This is what compels the wise men. They are for us an epiphany of what this looks like and what this means. They set aside time for Jesus. They were people of power and influence. They had busy lives. Yet they made time to spend with Jesus. In fact, they journeyed, even going a great distance, to be with him. Some speculate they may have traveled as many as 500 miles to get to Bethlehem. And when they got there, they gave their treasures to Jesus. And when they returned back to their homes, they reveal how this child has changed them. Though King Herod had ordered them to report back to him, they follow the instructions of the Lord’s messenger, revealing that their ultimate allegiance was to the Highest Power!
In a Christmas devotional, Pastor Paul David Tripp asks, “How are you continuing to stand so close to the Christmas story so it overwhelms every other story that defines you?” And he quickly adds: “The further we stand away from the Christmas story the less we are gripped with the life-changing wonder of knowing that God became a child so that we would no longer be separate from God, but would be now and forever a child of God. You and I need to get so close to this story that it overwhelms any other defining story we have carried around with us.” Paul Tripp ‘O come let us adore him.’
And why wouldn’t it? Remember the wonder you felt the first or the last time you welcomed beloved new life into the world? Do you remember how excited, how eager you were to meet this child for the first time? Making the time, and making the journey, sometimes over many, many miles to greet this new person? The awe as you held that child in your arms and marveled at their tiny fingers and little toes? The newfound sense of purpose this child gave you when you heard that you’re now a big sister, a big brother? That you’re a grandma or grandpa, an aunt or an uncle? A dad? A mom? If a birth in any one of our families can fill us with such wonder, such hope, such purpose, how much more so doesn’t this one compel us in even greater ways?
Please, don't misunderstand that word “compel.” I'm not using it in the sense of forcing us against our will, coercing us, driving us like slaves, making us do something we don’t want to do. It's not that in any way at all. Rather I'm using it like St. Paul did when he wrote, “For Christ’s love compels us, because we are convinced that one died for all, and therefore all died. And he died for all, that those who live should no longer live for themselves but for him who died for them and was raised again.” (2 Cor. 5:14-15). When love compels you, it moves, motivates, empowers us. That’s what Christ and the love he shows us in his birth, by his death, and through his resurrection does in us. His love transforms our will so that we willing, gladly, eagerly want to. His love strengthens us, moving us to act, propelling us forward. It's compelling in the best sense of the word.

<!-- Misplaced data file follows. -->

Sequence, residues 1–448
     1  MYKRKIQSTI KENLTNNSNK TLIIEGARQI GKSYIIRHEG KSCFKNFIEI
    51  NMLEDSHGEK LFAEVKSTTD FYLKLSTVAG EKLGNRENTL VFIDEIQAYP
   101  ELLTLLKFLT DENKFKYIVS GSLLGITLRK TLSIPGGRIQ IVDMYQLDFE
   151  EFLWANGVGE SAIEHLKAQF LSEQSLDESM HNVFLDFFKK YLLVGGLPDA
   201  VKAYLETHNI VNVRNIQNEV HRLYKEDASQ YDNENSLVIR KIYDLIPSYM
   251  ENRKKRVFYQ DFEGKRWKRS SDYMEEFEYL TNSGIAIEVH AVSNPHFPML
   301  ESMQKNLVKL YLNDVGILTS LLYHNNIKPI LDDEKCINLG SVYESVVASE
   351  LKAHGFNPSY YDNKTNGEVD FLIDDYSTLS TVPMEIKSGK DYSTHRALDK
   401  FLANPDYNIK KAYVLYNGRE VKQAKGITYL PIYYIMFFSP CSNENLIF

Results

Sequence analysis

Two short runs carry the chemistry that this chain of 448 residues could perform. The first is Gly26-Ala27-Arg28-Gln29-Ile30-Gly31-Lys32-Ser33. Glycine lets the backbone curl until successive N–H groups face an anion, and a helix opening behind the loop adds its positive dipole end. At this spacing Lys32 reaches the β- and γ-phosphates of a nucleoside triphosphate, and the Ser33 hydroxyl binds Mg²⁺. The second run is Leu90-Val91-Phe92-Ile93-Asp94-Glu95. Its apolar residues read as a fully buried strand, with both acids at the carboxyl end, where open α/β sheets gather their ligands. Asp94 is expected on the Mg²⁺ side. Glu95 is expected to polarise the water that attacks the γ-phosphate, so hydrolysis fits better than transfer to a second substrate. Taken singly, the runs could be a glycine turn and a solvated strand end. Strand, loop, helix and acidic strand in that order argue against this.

Look at the reaction of the wise men to his love. They gave their treasures to him and then followed the Lord's command when he told them to go home another route and not return to Herod. That's how they honored their King because of his great love that came to save them. So also, dear Christians, the announcement that comforts us with the good news that this baby is our God and Savior, that same proclamation powerfully moves us, compels us, to eagerly, gladly, willingly give him our best and dearest gifts and to follow the Lord's direction, obeying his commands revealed in the Scriptures. That's how we honor our King. Even as we pursue the earthly things the Lord gives us to do, we want to do it in a way that gives our King the best and follows his direction. We want him honored in all that we do whether at church, at work, at home, at school, out shopping, out fishing, dining out, playing sports, playing music, playing games, exercising, watching TV, and anything, yes, everything else. We want to honor him in all our pursuits, because of his love for us, a love that moved him to come from heaven to earth, born as a baby for you!
And that brings us right back where we started! Birthdays are a big deal. So it’s no wonder that Jesus’ birthday, the celebration of Christmas, is such a huge deal! Epiphany emphasizes why it is such a huge deal for everyone, no matter what your ethnicity. Jesus, while born of Jewish descent, came to bring light and hope and heaven to all! Epiphany is the reason why we can all rejoice in his birth. Epiphany invites us all to feel the joy of his new life. Epiphany reveals the fresh hope he brings forth in you because this is the hope he offers to all! It is the hope that draws us together, male and female, young and old, rich and poor, Jew and Gentile, in heartfelt worship and true devotion to the One who was born to save us all! Amen.